With ID theft soaring and Facebook’s Timeline requiring extra attention for your privacy settings, is your identity safe online? Our research shows you may be revealing more than you might expect…
In a survey of Which? members, 61% of Facebook users told us they were worried about strangers accessing details they’ve posted. And 59% told us they can’t keep up with the number of changes Facebook has made to its data security settings.
This latter figure is an 11% rise since the last survey we ran in September 2011, and reflects the introduction of the new Facebook Timeline.
A bit of time spent checking and tightening up your online privacy settings is a good idea to ensure strangers can’t easily access information you might not want them to see.
Posting everything and anything online
2012 is shaping up to be a record year for ID fraud. There were almost 36,000 cases in January to March, a 40% increase on the same period last year. And ID fraud experts claim the internet is the main place where fraud is enabled and carried out.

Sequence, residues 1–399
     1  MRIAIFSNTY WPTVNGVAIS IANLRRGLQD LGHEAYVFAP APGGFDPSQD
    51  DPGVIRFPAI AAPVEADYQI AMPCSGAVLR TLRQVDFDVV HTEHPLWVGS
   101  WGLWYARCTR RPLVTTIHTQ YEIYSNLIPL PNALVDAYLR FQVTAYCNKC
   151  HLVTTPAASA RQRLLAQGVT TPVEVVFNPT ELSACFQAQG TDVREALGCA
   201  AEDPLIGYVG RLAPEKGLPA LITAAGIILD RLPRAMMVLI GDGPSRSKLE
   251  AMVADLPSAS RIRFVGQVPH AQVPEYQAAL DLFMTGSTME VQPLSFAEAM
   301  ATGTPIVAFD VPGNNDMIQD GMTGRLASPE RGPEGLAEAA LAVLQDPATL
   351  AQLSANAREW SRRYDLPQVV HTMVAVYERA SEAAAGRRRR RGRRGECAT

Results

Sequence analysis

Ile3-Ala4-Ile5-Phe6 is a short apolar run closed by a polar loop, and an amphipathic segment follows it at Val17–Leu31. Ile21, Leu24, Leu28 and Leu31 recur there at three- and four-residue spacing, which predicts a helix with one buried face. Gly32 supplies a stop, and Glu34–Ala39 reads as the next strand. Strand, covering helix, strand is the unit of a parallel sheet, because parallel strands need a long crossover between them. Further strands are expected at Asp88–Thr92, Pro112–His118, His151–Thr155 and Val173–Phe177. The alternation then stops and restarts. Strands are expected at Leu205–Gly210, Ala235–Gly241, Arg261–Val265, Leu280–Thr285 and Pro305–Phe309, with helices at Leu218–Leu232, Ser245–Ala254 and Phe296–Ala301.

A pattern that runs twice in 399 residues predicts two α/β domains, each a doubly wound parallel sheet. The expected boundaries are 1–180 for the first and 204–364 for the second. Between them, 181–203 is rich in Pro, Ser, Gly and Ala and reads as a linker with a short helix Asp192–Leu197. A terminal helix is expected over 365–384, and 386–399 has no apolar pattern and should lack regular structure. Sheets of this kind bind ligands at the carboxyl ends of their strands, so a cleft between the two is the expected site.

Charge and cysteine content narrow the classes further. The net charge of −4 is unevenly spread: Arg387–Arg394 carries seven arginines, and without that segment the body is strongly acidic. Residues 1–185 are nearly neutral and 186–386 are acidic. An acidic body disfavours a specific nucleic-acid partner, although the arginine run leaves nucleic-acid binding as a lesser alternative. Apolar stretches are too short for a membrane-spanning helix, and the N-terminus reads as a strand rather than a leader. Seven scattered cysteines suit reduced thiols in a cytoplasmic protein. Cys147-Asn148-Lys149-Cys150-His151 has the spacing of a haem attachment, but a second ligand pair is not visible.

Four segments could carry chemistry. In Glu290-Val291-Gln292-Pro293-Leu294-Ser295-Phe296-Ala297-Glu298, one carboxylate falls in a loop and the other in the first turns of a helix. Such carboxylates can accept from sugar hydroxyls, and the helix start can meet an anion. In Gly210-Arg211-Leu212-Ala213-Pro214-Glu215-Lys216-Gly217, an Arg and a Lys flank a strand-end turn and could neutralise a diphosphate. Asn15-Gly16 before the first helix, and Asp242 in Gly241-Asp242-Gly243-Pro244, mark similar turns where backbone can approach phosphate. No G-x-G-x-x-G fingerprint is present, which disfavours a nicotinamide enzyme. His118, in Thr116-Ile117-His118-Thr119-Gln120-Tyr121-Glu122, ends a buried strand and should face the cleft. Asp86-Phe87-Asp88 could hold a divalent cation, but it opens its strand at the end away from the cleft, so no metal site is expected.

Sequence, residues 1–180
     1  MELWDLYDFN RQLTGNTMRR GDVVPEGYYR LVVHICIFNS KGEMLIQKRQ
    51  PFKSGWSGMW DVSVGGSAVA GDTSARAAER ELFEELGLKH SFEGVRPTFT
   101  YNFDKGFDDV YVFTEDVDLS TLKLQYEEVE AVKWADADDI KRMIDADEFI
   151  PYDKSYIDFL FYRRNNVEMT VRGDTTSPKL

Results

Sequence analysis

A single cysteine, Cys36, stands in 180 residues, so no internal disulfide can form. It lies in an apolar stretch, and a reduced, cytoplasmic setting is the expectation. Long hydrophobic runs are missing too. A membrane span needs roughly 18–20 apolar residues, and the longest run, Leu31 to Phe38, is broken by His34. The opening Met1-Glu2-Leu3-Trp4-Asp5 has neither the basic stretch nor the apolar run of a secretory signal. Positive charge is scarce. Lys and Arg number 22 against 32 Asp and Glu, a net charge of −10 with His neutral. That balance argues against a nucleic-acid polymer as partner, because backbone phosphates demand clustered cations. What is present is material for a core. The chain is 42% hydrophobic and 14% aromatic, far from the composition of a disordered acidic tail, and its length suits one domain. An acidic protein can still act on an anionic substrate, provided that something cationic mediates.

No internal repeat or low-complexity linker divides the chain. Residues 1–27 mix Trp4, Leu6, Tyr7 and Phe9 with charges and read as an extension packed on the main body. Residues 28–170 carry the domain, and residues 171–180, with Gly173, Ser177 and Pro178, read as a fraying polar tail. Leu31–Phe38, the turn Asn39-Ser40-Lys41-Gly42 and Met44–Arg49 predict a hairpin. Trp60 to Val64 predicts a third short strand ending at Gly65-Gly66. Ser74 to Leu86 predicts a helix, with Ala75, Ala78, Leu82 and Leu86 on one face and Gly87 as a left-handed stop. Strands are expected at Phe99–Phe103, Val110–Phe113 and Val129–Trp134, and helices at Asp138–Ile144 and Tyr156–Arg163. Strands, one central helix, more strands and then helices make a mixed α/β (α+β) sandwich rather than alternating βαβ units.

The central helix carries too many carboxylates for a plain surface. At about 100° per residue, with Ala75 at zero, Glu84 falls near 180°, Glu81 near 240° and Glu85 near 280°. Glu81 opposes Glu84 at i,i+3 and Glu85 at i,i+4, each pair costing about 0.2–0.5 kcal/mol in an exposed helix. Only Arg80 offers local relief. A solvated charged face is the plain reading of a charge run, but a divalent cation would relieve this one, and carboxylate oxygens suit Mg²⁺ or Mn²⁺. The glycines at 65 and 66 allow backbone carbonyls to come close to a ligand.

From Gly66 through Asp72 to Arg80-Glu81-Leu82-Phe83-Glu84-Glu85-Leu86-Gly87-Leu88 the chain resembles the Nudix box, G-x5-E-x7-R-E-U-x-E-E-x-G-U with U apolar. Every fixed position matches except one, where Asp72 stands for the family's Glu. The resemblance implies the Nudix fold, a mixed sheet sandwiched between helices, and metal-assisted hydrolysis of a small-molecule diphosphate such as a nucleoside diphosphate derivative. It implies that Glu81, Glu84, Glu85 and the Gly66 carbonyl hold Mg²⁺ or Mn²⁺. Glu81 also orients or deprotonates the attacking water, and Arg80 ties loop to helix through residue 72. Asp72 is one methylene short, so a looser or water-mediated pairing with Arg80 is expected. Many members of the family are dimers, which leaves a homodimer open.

Despite the increasing risks however, people don’t seem to be holding back from posting their personal info online. In a recent survey of 2,000 Brits by Experian, 18% said they would publish their town of birth online, while only 3% would give this information to a stranger over the phone. And 24% would post their place of study on the internet, while only 1% would do this over the phone.
Add in other personal info that people sometimes post (a mention of a favourite TV programme, whereabouts, or a pet’s name) and if it’s not securely locked behind privacy settings a criminal could begin to build up a profile of you.
We decided to ask online security experts to study the unsecured online profiles of 10 volunteers. Our experts found that the volunteers, many of them web-savvy, were posting sensitive personal information such as place of birth, email address, phone number and photos of the inside of their home, without applying secure privacy settings.
Who else can see what you’ve posted?
It’s not just criminals that pose a risk. Increasingly, employers are checking out prospective employees during the recruitment process and are weeding out those who have ‘imperfect’ lives outside of work.
So maybe it’s just as important to spend time managing your Facebook profile as it is to brush up on interview questions the next time you apply for that all-important job. Have you secured your online profile?